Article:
Community Spirit – Episode 10

ARTHUR Regis hurtled in and down on to the flagstones, lying spread-eagled as the crowd pushed through the door behind him.

Nate raced around the bar and held one arm as Frank Jarvis grabbed the other. They pulled him to his feet.

“Arthur!” Nate helped him on to a barstool. “Are you OK?”

Arthur straightened his tie and brushed off his jumper.

“That was a bit of a surprise,” he said. “You’ve fixed the door.”

Nate went behind the bar and began to serve drinks whilst Arthur introduced the group. As well as himself and Frank, there was Meredith, Frank’s wife, Pamela Cartwright, the tall woman who was head of the WI, Miss Charlotte Grace, and, finally, Major Bowes-Smyth (Retired).

“We’ve just been to the most wonderful Evensong, and the vicar said we should come across and support our community resources,” Pamela said.

“That’s kind of you,” Nate said to Frank.

“No need to thank me,” Frank told him. “I’m aware it’s use it or lose it as far as village amenities are concerned.”

Everyone murmured their agreement.

“That’s true,” Nate agreed, “but there are some success stories, even in rural communities. The Goose and Gander looks to be doing well.”

“It does do a roaring trade,” Meredith commented. “Especially at weekends.”

Pamela Cartwright snorted.

“Thing is,” Arthur explained, “they’re not very community minded.”

“That’s putting it mildly,” Major Bowes-Smith added. “He practically banned us locals. Well, the local groups anyway, like the knitting circle and the book club.”

“And he got rid of a lot of local beers for that fancy imported stuff,” Arthur went on.

“The food is expensive,” Miss Grace put in, “especially if you’re on a pension.”

“It sounds like they had a strategy to bring in a very different crowd,” Nate mused. “In that respect, Much Mucklebury is very lucky. You have two pubs – one for the townies and one for the locals. I’ve seen it work well many times.”

“But we didn’t feel we could come here, either,” Meredith admitted.

“I know,” Nate said, “but I’m here to change all that.”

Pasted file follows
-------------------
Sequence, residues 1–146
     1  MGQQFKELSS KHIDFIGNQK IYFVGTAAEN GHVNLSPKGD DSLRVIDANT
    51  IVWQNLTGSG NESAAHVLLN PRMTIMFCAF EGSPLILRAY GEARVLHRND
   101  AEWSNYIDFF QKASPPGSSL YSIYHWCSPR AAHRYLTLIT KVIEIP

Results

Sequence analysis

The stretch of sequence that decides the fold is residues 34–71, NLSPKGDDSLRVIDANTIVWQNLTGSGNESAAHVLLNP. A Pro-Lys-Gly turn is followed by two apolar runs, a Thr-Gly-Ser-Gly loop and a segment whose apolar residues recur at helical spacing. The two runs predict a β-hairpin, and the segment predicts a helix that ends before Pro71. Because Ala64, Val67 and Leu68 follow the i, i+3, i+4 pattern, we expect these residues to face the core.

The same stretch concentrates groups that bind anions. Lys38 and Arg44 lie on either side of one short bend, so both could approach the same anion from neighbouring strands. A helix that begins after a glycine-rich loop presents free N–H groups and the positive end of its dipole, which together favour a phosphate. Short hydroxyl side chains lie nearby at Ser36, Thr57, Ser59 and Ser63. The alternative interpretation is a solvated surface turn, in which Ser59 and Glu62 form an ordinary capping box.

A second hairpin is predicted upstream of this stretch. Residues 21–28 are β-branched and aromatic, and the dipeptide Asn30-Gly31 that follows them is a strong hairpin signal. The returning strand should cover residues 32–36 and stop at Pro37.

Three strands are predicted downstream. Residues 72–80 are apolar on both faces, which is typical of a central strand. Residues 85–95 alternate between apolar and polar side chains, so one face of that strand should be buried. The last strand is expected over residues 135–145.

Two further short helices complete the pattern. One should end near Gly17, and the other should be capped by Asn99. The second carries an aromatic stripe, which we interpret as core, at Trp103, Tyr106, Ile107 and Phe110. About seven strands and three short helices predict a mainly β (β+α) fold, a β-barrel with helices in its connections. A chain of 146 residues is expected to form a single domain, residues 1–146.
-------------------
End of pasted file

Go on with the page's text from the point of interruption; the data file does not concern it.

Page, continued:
“It was the groups he banned, really. Most of them have settled at the community centre now,” Pamela said.

“Well,” Frank began, “it’s not definite, but I heard a rumour from someone at the council meeting last week that there was talk of closing the centre. Local government cuts.”

The group wailed at this news.

“Surely not,” Pamela said, visibly shocked. “We need to do something.”

“How long have we got until the brewery closes this place down?” the major asked Nate.

“Oh, I don’t think that’s on the cards just yet.”

“We’re not stupid – we know they don’t send people like you in if places are running well.” He drained his glass and handed it over to Nate for another.

“People like me?” Nate asked.

“Trouble-shooters. I bet you were told to sort it out or they’ll shut it down. Am I right?” The major could certainly hold an interrogation.

“It’s not as black and white as that, Major,” Nate said, “but there is a review period, yes.”

“How long?”

Nate looked at the earnest faces staring at him and saw something he rarely experienced.

Too often people didn’t care, communities disbanded, and local pubs were left to fade away.

Usually, he wouldn’t be too honest with the locals, but it felt different here. These people were different, and it wouldn’t hurt to have the vicar, his wife, the bowls team captain, the head of the WI, an ex-major and Miss Grace on board.

“Six weeks,” he said, deciding to trust them.

A chorus of “No!” went up.

“Right,” the major declared. “Let’s work on our plan of attack.”

Alison Cook